“My family means everything to me,” Lalit Verma (Naseeruddin Shah), a Delhi-based businessman, tells his niece, Ria (Shefali Shah). “I cannot break up my family. Please don’t tell me to make that choice.” These words have come to Lalit with great difficulty, for he dotes on Ria and knows that she is right. She’s walked out of a wedding that includes Lalit’s brother-in-law, Tej Puri (Rajat Kapoor), who molested her in childhood. Ria’s childhood has come back to haunt her, because Tej’s recently molested her ten-year-old niece. But Lalit’s indebted to Tej, for he bailed out his penniless family a few decades ago. But that was then. At the moment, Lalit stands between moral duty and familial propriety. He is supposed to do the right thing, but doing that’ll mean refuting an institution that’s always considered right: the family. Most Indian families don’t look inwards, don’t question their elders, equating respect with age, placing accidents of birth above everything else. Which is why this scene from Monsoon Wedding was a watershed moment in Indian family dramas, and what happened next, equally important: Lalit forbids Tej to receive the groom’s family and asks him to leave the wedding. Our families aren’t as happy as we pretend or imagine them to be, and that’s okay, suggests Monsoon Wedding, let’s work on what we already have.
Even though seemingly happy and united, Monsoon Wedding’s Vermas, like people insecure about their identities, keep secrets from each other. Aditi (Vasundhara Das), Lalit’s daughter, is about to get married in a few days, but she still secretly sees her ex-boyfriend. Pimmi (Lilette Dubey), Aditi’s mother, frequently sneaks to the loo, adjoining her bedroom, for a naughty cigarette. Lalit and Pimmi’s son, Varun (Ishan Nair), more interested in dance, less in sports, wants to become a chef when he grows up, a career choice that embarrasses his father. Lalit and Pammi are happily married, but it’s evident, from a few scenes, that they haven’t had sex in quite sometime, a fact that only bothers Pimmi. Monsoon Wedding talks about the quintessential conflict that frequently rocks Indian families: reconciling personal and collective desires. Unlike many Indian families, which obsessively guard their image and social standing, Monsoon Wedding is fearless; it revels in the family members’ tomfoolery and celebrations, but also bares their suppressed emotions—frustration, confusion, and anger.
Nothing can be more boring and lazy, even disingenuous, than praising a well-made film with the cliché “it was ahead of its times”. But Monsoon Wedding indeed was, and by a good few years, if not a decade. Mira Nair, Monsoon Wedding’s director, entered a terrain long colonized by the Chopras and the Johars, the boisterous Punjabi family, and beat them at their own turf. Consider this: Monsoon Wedding released only a few weeks before the sappy and escapist Kabhi Khushi Kabhie Gham, a box-office blockbuster emblematic of the Hindi family dramas made in those years. 15 years have passed since, and we know which one of the two has stood the test of time.
Besides, Monsoon Wedding’s remarkable for a bunch of other reasons, too— its gaze, for instance. Here’s a film that does justice to its female characters, as they, even the supporting ones, are well-defined and complex, not confirming to the Bollywood stereotypes of aunts, girlfriends, and wives. Monsoon Wedding’s women drink and dance, sing and seduce, rib and laugh. Scores of scenes in the film are beautifully feminine, that accord singular intimacy to its women, whether they’re practicing dance moves for a sangeet, exchanging lewd jokes, or acting on their emotional and sexual desires. And it’s not far-fetched to conclude that such nuance is a direct result of the fact that Monsoon Wedding is both directed and written by women: Nair and Sabrina Dhawan (also Kaminey and Ishqiya’s screenwriter). Nair has, in fact, collaborated with women screenwriters—most notably with Sooni Taraporevala, who wrote Salaam Bombay! (1988), Mississippi Masala (1991), and The Namesake (2006)—throughout her career and, unsurprisingly, inspired two of the finest women filmmakers in the country: Zoya Akhtar and Reema Kagti. Akhtar, who considers Salaam Bombay! her “biggest influence”, was one of the casting directors for, and appeared in a small role in, Nair’s Kama Sutra: A Tale of Love (1996). Nearly a decade later, her name was mentioned in The Namesake’s credits, under the “special thanks” section. A few years ago, Kagti, who has worked with Akhtar in all her films, assisted Nair on Vanity Fair (2004), bookending the circular relationship shared by three fine Indian filmmakers.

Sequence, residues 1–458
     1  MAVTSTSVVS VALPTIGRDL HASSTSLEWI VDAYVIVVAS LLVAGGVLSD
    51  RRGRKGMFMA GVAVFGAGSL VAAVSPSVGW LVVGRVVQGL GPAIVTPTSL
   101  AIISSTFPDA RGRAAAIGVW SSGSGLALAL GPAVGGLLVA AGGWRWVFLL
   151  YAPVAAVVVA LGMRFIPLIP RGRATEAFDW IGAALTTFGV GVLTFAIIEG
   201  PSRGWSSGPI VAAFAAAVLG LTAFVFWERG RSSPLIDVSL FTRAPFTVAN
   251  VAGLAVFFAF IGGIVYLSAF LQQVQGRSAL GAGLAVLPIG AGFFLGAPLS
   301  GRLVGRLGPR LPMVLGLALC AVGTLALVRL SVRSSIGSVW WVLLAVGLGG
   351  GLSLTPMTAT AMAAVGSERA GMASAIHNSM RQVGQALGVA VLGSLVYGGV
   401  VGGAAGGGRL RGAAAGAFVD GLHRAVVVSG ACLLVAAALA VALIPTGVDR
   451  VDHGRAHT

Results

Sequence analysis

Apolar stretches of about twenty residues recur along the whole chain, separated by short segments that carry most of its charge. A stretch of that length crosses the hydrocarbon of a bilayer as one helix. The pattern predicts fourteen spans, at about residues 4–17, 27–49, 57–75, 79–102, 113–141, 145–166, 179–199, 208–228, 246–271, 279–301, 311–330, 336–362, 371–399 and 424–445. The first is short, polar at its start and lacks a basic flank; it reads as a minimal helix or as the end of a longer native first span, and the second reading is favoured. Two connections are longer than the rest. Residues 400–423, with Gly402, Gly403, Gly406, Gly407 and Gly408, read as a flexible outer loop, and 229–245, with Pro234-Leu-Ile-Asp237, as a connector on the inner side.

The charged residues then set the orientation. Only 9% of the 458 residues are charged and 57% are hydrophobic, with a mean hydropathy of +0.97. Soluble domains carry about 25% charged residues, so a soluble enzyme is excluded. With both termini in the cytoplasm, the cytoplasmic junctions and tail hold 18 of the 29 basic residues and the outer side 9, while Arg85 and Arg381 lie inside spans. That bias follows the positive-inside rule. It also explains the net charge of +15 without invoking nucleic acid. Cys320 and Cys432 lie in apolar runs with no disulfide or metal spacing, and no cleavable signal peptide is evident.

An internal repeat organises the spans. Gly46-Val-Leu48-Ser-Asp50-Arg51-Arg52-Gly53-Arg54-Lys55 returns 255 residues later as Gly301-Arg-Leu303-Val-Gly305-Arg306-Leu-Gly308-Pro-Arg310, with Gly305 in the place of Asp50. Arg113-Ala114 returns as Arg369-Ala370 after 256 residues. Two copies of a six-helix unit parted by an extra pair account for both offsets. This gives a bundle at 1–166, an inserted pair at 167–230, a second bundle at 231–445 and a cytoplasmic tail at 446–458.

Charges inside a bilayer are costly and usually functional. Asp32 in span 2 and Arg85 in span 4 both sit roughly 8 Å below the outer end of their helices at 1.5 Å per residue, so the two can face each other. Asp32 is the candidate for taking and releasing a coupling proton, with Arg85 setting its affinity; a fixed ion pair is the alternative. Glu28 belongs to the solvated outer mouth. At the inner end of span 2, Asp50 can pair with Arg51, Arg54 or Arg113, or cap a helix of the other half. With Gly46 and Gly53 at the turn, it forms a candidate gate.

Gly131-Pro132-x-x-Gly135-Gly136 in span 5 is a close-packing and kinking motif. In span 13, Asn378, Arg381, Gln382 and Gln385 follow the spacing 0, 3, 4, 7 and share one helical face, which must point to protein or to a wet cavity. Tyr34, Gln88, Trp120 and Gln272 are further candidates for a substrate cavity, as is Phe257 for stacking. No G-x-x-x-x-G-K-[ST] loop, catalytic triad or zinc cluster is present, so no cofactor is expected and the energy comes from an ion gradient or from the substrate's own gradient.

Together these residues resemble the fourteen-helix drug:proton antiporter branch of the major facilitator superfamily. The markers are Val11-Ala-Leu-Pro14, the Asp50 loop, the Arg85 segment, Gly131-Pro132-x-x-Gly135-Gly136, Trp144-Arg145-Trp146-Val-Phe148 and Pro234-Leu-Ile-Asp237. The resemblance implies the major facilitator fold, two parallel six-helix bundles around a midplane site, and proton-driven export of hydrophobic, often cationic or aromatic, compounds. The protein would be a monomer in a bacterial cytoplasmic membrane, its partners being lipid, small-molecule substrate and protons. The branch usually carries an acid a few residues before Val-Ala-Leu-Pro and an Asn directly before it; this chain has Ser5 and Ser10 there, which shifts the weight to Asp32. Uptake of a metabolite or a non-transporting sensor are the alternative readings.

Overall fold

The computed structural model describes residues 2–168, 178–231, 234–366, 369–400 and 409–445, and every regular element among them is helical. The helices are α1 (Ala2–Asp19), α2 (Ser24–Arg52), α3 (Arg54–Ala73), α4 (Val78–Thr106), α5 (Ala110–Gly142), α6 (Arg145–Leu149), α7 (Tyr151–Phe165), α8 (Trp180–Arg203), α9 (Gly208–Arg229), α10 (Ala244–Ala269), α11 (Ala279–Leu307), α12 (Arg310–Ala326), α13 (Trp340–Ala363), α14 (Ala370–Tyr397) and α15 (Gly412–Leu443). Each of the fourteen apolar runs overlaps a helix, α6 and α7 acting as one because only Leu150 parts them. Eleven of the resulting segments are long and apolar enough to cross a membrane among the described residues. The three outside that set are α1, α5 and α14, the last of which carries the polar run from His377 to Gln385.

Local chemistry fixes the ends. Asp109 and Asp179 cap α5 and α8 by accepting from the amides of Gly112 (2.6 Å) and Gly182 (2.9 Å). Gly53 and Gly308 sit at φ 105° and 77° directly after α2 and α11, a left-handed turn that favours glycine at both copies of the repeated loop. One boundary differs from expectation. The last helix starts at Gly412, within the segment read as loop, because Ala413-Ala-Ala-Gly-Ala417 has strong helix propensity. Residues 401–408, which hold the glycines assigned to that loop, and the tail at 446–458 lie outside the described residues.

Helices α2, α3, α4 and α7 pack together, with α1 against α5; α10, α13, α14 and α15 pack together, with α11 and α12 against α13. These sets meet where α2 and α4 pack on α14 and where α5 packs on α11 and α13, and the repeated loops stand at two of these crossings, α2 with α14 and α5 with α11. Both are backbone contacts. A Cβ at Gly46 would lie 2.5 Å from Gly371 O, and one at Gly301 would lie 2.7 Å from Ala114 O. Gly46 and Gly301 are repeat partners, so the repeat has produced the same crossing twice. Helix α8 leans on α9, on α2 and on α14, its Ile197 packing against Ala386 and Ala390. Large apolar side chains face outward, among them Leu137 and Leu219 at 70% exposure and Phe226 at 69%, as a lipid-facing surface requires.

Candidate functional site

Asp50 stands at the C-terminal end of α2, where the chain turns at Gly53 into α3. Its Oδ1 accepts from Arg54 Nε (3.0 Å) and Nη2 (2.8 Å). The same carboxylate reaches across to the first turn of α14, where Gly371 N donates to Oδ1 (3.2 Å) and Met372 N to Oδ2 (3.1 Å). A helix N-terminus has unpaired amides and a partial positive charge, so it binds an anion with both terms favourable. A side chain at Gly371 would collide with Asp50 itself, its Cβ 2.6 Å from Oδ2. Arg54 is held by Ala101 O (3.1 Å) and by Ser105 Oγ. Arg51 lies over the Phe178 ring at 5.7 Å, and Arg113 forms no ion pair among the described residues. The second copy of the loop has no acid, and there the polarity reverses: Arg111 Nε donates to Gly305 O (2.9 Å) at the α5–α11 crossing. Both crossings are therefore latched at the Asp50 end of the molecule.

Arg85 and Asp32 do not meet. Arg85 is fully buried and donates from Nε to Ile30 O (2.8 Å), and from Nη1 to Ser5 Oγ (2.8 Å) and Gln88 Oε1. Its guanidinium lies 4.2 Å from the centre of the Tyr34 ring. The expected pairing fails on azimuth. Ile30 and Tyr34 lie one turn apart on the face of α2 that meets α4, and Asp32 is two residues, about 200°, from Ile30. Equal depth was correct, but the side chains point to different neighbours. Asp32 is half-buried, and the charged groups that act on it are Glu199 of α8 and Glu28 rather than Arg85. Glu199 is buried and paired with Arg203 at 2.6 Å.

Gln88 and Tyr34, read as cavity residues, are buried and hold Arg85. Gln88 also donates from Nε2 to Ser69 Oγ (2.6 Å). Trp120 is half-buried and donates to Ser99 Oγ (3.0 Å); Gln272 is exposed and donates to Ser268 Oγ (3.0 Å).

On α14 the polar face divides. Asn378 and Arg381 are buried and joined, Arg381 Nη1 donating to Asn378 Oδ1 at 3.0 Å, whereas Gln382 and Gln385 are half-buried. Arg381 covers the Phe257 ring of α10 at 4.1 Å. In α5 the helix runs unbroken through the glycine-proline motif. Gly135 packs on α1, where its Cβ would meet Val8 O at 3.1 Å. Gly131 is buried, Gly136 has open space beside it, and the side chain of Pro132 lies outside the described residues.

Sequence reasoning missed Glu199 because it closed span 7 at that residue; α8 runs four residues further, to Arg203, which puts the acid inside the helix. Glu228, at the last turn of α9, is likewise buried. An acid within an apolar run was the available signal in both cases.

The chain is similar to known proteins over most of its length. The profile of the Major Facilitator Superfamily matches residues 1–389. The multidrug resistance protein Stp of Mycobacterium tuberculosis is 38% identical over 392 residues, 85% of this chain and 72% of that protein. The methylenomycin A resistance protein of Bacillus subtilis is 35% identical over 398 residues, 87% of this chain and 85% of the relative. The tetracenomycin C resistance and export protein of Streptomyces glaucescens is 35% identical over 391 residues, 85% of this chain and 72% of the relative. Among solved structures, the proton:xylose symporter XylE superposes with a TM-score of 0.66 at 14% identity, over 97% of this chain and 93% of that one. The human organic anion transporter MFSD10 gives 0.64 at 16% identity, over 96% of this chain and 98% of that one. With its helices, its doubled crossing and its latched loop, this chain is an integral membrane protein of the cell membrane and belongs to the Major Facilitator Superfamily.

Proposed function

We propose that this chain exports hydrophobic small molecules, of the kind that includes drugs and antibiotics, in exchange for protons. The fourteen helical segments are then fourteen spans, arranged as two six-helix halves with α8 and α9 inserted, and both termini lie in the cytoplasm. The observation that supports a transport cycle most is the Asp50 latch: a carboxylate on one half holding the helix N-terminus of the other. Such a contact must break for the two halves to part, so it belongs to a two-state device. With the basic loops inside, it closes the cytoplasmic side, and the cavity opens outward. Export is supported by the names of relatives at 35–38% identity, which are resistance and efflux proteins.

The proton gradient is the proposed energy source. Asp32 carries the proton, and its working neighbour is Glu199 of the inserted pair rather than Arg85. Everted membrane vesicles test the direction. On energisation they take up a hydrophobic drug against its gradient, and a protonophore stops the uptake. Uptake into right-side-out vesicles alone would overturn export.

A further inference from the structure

Monsoon Wedding is one of those rare Hindi films that hasn’t gotten old with time. Its humour is still sharp, its social commentary—on modern Indian love, complex familial dynamics, class divide—relevant, and its empathy, cutting across class and caste, much-needed. And yet, watching Monsoon Wedding in 2016 is like watching the India of 2001, a country in transition, gearing to accept new social, economic, and technological changes: where, according to Dubey (Vijay Raaz), an outgoing call on cellphone cost “Rs 12 per minute”, panelists on a TV show discussed “censorship” and “India going global”, e-mail ids listed on visiting cards signified upward social mobility. India, like any other country, has undergone inevitable economic changes over the last 15 years, but its fundamental social concerns, as shown in the film—the conflict between being independent and yet being answerable to one’s elders, familial propriety overriding personal honour—remain as prominent. Monsoon Wedding, in that case, is not just a film about the India that was, but also what it can hope to become.
A slightly edited version of this piece was published in GQ.